Higher numbers give more smoothing. I find that 10 quite up and it works well for me. So I click Apply and now I have a very simple path with just a couple handfuls of keyframes and some very simple handles to drag around. Now that I've a properly smoothed path, I can go about editing it to change the flight path around here. Note that when Smoother is done all of your keyframes are enabled, so if you were to try to move one of them you would move the entire motion path as a unit. I am going to Undo, click off to deselect the path, and now pick one individual keyframe. I want to work on this one, so I'll click just that keyframe, pull it outside a little bit further here, pull it down so I go by that little blade of grass back here, and start playing around my path a little bit.

Smooth out the path there, pull down a wider loop here, and a wider loop here, and see how much easier this is to edit than all those keyframes I had before. I also notice at the end here I have some really crazy jerky movement going on. Oh, at the start and end. I need to edit both of these. Okay, so let's delete a couple of keyframes. I'm starting at the right place. I don't mind editing up down here. This keyframe is a bit weird, so let's go ahead and pull it out a little bit and work on the Bezier handles.

It looks like one of my Bezier handles is missing. It looks like I have a strange linear path between here, so I need to pull out some handles to go to bend in this shape. I'm going to press G to temporarily switch to Convert Vertex tool and pull myself out a handle there. Pull this butterfly's path out little bit. Again, use G and pull out that handle as well. Now I've got a little handle I can deal with. I can reposition the butterfly, get the a better flight path coming off that flower. That's better.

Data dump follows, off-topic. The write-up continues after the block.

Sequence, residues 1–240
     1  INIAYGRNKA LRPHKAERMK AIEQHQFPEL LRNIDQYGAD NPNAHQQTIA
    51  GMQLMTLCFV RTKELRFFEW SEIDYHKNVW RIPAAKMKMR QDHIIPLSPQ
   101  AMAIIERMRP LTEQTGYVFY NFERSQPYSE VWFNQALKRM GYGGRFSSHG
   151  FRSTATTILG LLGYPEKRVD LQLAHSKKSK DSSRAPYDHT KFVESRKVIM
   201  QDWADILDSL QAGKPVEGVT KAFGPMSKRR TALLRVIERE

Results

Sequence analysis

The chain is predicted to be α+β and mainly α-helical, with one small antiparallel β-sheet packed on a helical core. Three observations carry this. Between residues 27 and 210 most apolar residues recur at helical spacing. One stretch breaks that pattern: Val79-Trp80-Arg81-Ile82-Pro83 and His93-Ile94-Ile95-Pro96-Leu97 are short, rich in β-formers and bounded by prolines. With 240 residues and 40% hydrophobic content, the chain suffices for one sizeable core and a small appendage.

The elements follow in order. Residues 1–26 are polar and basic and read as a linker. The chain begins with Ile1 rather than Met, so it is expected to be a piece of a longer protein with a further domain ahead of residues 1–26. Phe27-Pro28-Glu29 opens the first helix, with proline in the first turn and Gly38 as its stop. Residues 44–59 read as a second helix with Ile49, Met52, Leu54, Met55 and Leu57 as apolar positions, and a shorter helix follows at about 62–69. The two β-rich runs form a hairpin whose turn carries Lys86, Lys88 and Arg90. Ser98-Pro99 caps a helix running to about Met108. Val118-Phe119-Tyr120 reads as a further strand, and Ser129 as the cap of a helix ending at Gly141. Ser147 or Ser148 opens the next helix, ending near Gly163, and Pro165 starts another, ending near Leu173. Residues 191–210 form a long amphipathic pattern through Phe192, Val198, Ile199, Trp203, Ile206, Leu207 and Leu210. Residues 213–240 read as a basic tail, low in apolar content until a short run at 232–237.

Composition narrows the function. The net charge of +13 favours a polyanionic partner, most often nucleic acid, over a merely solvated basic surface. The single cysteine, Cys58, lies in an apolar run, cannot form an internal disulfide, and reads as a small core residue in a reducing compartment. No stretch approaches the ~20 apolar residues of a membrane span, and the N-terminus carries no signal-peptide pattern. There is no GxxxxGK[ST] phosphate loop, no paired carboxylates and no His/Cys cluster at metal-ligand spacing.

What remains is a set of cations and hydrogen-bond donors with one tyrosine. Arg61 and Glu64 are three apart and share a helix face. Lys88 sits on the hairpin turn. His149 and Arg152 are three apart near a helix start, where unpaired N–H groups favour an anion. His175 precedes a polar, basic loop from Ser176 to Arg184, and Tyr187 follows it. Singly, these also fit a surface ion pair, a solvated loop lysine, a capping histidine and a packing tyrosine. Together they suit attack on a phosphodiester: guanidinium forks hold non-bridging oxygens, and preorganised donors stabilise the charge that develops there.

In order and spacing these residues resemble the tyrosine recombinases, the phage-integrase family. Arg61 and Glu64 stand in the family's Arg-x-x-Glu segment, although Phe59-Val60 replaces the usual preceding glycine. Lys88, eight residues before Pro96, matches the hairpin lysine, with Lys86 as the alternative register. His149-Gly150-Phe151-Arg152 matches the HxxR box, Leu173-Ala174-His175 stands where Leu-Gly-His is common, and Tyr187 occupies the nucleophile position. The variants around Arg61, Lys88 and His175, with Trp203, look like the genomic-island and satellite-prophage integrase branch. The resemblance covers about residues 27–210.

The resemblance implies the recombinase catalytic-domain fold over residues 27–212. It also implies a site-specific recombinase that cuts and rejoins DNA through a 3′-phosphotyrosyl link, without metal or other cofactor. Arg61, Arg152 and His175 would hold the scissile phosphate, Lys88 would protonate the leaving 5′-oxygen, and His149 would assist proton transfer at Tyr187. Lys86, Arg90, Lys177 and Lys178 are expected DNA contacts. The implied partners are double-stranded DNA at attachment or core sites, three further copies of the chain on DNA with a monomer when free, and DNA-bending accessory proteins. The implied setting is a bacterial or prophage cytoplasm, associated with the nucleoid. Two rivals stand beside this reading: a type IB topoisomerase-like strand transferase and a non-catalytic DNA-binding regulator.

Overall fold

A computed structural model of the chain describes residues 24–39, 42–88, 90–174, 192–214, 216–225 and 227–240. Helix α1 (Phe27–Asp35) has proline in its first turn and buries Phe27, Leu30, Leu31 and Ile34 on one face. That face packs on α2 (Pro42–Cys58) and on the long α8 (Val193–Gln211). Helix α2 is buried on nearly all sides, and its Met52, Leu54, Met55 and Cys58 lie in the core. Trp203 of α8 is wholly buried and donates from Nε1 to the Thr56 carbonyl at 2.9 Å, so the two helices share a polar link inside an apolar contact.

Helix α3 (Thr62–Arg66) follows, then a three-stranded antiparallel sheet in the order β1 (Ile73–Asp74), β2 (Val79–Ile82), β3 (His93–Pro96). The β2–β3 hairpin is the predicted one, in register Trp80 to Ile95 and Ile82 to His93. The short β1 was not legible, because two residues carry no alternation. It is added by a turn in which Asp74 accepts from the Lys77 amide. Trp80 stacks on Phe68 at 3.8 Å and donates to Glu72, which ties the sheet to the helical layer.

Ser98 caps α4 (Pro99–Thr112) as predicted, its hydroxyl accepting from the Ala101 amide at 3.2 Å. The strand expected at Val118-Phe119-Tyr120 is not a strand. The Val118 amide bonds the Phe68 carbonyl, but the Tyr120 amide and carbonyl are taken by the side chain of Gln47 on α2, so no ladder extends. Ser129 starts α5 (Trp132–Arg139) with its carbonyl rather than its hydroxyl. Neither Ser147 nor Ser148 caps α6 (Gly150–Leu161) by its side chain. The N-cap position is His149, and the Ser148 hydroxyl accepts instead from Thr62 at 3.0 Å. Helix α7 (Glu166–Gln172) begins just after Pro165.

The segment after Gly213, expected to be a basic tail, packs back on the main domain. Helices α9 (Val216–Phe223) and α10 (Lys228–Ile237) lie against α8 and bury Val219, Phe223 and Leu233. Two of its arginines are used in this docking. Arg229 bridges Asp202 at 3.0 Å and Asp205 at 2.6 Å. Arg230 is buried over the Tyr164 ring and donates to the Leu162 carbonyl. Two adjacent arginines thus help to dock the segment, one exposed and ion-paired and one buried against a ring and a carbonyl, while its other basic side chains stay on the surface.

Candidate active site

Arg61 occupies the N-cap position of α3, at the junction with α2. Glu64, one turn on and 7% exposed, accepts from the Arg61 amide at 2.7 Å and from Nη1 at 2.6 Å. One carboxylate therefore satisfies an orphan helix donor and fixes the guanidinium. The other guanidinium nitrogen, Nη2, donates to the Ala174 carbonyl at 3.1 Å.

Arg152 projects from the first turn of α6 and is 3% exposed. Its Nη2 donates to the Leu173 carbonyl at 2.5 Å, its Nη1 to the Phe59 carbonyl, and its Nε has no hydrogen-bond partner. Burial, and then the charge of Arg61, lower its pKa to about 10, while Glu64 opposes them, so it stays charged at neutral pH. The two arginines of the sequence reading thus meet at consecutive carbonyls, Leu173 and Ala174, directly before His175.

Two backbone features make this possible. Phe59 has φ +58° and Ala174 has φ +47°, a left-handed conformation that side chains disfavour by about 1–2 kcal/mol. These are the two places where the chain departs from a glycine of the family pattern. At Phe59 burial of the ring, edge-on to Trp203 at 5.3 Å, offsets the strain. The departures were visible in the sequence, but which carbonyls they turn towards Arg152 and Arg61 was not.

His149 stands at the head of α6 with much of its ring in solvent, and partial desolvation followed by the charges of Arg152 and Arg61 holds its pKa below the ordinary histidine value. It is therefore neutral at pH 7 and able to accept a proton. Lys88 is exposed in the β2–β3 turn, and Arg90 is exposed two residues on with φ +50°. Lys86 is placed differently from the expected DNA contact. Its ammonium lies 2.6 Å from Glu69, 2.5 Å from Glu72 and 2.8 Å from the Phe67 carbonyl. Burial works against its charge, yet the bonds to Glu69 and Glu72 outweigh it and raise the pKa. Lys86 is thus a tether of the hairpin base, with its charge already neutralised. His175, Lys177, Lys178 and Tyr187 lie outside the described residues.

My ending here is bit funky as well. Actually I think I have too many keyframes. So I'm going to select a keyframe, press Delete to get rid of it, put the final one into position. I think I'll get rid of this keyframe as well. Hold down G to get Convert Vertex, pull out that handle, move this over and there we go, smoother path. Looks like I might have some velocity issues here, because I see some dots are very closely spaced here and very spaced out here. I'm going to go ahead and drag this keyframe in time to balance the dots on either side of that keyframe.

Just a couple of movies from now I'm going to show you a really sleek way of dealing with this velocity, but for now this improves what I have. Okay, let's press zero and preview this again. Okay, that's a funer smoother path. I do see that out here, those are going out of frame, so let's go ahead and pull that handle in. The idea of going past that little wand was little too funky. So let's go ahead and see what we do here. Better. And I will just pull this down to round out my path. There we go.

So I started out with an organic hand -sketched path using Motion Sketch. I have now used Smoother to improve that path, but there are still a couple things wrong. One, the butterfly is just skidding around. He is not exactly flying along the path and two, I still have some speed changes. Let's addresses those two issues in the next two movies.

Find answers to the most frequently asked questions about After Effects Apprentice 03: Advanced Animation.


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Q: How do I transition from one piece of animated type to another in After Effects?
A: There isn't an effect that can create these types of transitions. It's really a matter of animating the type and camera, using basic keyframing and positioning.
 
If you understand the basics of moving the anchor point of a type layer, animating the parameters of that layer (Scale, Rotation, Position, etc.) and then separately animating the camera around the type layers, you can achieve different types of transitions.  Check out the following videos for more information:

Q: This course was updated on 11/09/2012. What changed?
A: We have updated the movie dealing with Time Display to be applicable to working with different versions of After Effects (from CS4 to CS6). We also added a movie that shows our premium subscribers how to use the exercise files, including the new exercise files designed for After Effects CS6.